Two years ago, the Yankees nearly wrestled Cliff Lee away from the Mariners before seeing him head to the Rangers instead. With rumors swirling that the left-hander could again be available for the right price, Yankees general manager Brian Cashman lightheartedly shot down any suggestion that his club would again be involved in the bidding.
It’s not that the Yankees don’t like Lee or couldn’t use him in their rotation, mind you. Cashman pointed out that if the Yankees are going to achieve their goal of reaching a $189 million payroll by 2014, they can’t be taking on contracts like Lee’s. He’s owed a guaranteed $75 million over the next three years.
“I’m not allowed to speak about another team’s player,” Cashman said, “but if there was a hypothetical mythical beast that makes like $25 million a year for the next X amount of years that became hitting the market, we certainly could not participate in that type of level financial talent.”
Cashman added that he is “not at all” optimistic that the Yankees will pull off a move before Tuesday’s 4 p.m. ET non-waivers Trade Deadline.
“It’s gotten really quiet,” he said. “Things have just gotten quiet all of a sudden. There have been a lot of moves before tomorrow so I’m not going to count anything out. A lot of buyers, not very many sellers.”
- Bryan Hoch
The Yankees were hit with a double-whammy of injuries to left-handers CC Sabathia and Andy Pettitte on Wednesday, but general manager Brian Cashman said that his preference is to search for answers within the organization before burning up the telephone lines.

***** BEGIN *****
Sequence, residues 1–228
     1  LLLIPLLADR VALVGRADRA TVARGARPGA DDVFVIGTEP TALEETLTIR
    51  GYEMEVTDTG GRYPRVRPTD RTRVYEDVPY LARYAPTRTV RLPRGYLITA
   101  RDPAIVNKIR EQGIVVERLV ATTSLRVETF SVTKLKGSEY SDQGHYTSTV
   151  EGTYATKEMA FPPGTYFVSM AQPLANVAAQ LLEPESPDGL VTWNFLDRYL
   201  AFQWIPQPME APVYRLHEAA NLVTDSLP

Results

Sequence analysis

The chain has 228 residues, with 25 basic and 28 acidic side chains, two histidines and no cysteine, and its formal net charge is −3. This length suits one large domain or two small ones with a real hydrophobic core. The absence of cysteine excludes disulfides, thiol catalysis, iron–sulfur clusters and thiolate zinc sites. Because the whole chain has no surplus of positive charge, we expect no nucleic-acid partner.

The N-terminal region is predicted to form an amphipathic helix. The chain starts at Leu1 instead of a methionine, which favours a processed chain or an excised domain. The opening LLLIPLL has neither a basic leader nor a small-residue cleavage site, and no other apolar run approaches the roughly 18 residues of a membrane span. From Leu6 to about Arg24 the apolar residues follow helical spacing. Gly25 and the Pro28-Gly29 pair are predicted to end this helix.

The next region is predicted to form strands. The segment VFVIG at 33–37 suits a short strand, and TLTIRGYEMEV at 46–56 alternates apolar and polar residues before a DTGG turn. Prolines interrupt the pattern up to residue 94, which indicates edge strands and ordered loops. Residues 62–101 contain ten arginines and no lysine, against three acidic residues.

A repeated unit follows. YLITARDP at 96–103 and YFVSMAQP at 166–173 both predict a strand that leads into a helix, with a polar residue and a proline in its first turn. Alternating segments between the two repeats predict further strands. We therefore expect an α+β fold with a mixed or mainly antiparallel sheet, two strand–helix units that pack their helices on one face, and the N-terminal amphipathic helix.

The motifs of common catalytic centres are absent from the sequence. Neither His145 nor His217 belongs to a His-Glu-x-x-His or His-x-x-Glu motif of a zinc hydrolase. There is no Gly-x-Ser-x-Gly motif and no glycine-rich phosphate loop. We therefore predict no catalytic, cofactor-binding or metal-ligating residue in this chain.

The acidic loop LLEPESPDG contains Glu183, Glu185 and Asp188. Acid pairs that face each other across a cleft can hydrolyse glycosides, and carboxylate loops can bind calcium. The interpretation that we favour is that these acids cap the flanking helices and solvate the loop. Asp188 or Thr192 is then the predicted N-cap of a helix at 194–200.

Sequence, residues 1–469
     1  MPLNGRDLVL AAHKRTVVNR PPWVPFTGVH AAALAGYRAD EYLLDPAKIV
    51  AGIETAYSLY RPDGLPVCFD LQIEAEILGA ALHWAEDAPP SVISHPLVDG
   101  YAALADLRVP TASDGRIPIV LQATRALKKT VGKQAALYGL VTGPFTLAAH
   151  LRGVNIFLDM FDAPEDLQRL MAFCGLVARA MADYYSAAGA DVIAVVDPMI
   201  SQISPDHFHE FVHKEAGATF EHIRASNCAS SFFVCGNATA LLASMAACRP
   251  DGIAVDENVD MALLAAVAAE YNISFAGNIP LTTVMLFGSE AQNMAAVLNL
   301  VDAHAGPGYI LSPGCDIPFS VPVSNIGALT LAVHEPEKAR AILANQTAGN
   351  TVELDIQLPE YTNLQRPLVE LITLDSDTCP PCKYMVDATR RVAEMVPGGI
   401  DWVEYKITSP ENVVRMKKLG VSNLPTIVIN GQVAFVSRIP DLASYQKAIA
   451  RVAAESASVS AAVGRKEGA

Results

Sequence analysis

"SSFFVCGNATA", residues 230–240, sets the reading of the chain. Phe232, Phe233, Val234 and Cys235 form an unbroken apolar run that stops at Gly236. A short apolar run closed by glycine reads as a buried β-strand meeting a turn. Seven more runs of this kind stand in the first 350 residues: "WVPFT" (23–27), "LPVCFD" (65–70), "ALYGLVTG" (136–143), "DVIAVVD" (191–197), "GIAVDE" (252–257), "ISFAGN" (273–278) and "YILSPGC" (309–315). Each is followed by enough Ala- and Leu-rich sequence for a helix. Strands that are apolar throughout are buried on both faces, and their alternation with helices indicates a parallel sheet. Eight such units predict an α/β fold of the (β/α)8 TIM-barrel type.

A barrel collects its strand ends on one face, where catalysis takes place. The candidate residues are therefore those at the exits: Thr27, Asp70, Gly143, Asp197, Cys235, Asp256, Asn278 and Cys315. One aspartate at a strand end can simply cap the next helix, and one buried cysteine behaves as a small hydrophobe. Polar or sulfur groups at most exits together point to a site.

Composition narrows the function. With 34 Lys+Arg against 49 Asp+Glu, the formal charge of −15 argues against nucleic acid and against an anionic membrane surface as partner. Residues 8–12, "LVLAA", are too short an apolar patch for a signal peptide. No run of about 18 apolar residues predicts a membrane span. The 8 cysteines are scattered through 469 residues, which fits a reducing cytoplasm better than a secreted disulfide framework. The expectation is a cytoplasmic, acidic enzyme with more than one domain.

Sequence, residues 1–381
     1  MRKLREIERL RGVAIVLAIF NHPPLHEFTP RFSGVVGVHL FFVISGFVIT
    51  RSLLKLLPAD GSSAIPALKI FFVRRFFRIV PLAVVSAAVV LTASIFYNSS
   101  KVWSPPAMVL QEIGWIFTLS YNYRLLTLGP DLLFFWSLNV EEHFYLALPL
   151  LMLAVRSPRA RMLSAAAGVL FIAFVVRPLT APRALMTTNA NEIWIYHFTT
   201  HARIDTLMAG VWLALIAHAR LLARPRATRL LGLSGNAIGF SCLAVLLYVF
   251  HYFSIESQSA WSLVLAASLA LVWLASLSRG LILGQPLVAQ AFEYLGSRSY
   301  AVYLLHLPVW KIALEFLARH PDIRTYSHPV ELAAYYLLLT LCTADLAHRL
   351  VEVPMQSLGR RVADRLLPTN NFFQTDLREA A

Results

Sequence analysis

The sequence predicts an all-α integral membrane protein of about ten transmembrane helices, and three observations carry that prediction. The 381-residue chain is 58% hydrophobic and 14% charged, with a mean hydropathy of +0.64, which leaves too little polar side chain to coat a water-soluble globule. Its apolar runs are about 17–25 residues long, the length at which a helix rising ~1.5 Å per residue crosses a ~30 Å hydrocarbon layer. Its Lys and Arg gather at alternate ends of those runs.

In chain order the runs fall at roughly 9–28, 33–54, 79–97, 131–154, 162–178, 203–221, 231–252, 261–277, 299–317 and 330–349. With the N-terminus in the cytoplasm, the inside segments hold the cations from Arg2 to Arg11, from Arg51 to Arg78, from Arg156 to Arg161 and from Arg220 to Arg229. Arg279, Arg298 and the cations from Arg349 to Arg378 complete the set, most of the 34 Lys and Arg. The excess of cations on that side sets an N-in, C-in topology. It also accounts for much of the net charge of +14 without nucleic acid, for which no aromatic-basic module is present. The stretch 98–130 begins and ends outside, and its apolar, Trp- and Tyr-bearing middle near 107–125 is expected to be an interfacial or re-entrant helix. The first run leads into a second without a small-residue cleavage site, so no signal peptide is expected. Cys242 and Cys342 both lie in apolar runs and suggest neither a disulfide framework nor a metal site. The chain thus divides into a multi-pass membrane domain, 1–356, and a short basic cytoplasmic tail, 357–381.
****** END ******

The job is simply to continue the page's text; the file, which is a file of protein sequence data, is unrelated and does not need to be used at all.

Sabathia (left groin strain) is expected to return to the Yankees after the All-Star break, missing two starts, but Pettitte (fractured left ankle) is expected to miss six to eight weeks.
“I would prefer not to go outside,” Cashman said. “Obviously if we do go outside, we’ve done that before. This is part of the process. You have to have alternatives; this gives opportunities for people to step up. Just like some guys in the bullpen have allowed us to step up and withstand some injuries – that’s what Boone Logan, Clay Rapada and [Cody] Eppley have done – we’re going to have to ask for some other guys to do that for the rotation, as well. Let’s play it out and see where it takes us.”
The Yankees have already assigned starts to Adam Warren and Freddy Garcia, and Cashman said that David Phelps could soon be promoted from Class-A Tampa, where he is building back into a starter. Phelps threw 55 pitches in his last outing at Class-A and could throw 65 to 70 pitches next time.
“Everybody’s dealing with a lot of stuff,” Cashman said. “You’ve just got to deal with it. If you want to be the best, you have to deal with it. Hopefully we’ll be capable of dealing with it.”
- Bryan Hoch